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Vaccine-delivery patch uses microneedles to do its dirty work, looks good in testing

Darren Murph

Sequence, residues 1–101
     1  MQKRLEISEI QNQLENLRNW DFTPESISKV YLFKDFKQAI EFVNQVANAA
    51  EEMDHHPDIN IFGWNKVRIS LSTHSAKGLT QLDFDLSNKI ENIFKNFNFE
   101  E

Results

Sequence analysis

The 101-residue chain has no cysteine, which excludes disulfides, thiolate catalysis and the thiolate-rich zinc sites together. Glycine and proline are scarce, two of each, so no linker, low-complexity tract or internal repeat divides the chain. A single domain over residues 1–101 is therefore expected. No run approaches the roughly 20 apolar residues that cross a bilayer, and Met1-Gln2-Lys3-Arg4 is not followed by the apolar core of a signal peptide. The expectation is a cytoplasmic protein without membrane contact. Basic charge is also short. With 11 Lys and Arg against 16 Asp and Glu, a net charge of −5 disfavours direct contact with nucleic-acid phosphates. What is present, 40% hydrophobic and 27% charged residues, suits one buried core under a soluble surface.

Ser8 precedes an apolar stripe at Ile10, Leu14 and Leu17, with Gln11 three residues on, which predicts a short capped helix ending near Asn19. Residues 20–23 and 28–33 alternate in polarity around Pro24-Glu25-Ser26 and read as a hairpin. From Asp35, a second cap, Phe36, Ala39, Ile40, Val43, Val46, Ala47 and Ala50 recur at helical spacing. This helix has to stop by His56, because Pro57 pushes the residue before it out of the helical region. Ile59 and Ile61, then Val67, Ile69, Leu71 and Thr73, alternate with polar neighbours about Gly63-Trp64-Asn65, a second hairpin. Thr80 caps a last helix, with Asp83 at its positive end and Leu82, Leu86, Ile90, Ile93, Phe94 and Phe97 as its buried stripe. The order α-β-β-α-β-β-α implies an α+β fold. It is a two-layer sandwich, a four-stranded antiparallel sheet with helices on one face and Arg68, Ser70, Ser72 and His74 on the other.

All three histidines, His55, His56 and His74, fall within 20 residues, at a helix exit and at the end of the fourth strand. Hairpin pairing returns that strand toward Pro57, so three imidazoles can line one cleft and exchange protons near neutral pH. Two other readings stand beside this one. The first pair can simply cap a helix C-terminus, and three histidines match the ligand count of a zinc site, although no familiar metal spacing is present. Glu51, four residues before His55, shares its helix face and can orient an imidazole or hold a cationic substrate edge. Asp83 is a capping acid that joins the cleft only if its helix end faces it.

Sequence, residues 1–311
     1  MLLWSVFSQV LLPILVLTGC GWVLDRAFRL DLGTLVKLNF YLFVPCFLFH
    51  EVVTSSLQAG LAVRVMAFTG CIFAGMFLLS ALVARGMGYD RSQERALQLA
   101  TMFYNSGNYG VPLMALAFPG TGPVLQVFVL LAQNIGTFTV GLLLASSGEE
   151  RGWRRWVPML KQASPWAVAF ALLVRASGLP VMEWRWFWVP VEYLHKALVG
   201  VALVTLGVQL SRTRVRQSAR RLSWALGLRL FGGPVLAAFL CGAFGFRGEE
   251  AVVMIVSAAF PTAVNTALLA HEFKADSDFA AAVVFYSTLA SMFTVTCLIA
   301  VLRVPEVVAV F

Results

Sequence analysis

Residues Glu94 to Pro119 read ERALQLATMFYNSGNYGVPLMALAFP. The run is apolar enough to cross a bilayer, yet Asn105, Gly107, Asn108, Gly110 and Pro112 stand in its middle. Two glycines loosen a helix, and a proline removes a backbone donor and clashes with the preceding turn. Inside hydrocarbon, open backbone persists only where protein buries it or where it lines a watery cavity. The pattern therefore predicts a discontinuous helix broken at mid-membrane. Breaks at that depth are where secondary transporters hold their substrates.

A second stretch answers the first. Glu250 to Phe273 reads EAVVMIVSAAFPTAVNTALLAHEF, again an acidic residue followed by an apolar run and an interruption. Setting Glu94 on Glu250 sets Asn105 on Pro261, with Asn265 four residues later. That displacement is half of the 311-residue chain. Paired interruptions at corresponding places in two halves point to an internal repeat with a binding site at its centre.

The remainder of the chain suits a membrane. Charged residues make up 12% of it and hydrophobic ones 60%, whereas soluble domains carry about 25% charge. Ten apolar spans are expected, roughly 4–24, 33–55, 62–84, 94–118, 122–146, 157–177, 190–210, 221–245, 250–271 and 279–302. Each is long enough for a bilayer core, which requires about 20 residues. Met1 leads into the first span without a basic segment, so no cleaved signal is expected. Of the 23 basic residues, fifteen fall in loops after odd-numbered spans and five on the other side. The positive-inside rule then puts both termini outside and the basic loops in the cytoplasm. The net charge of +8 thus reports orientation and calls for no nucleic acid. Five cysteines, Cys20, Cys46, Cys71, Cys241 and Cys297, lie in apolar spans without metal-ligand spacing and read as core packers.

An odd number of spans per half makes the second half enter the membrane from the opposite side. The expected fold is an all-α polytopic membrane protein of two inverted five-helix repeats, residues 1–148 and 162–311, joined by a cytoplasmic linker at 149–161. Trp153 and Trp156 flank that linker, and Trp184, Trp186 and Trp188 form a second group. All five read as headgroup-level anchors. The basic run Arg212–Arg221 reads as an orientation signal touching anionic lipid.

This dissolving microneedle patch has been in development for well over a year now, but Mark Prausnitz -- a professor in the Georgia Tech School of Chemical and Biomolecular Engineering -- along with a number of other GT and Emory University colleagues, have just now wrapped up a lab trial that brings it that much closer to market. As the story goes, this vaccine-delivery patch, which is based on hundreds of microscopic needles that dissolve into the skin, was recently seen as reliable in a round of mice tests, and the powers that be have also concluded that these patches would cost "cost about the same as conventional needle-and-syringe techniques, and may lower the overall cost of immunization programs by reducing personnel costs and waste disposal requirements." Oh, and did we mention that you could apply 'em on your own with little to no pain? FDA approval, we're waitin' on ya.

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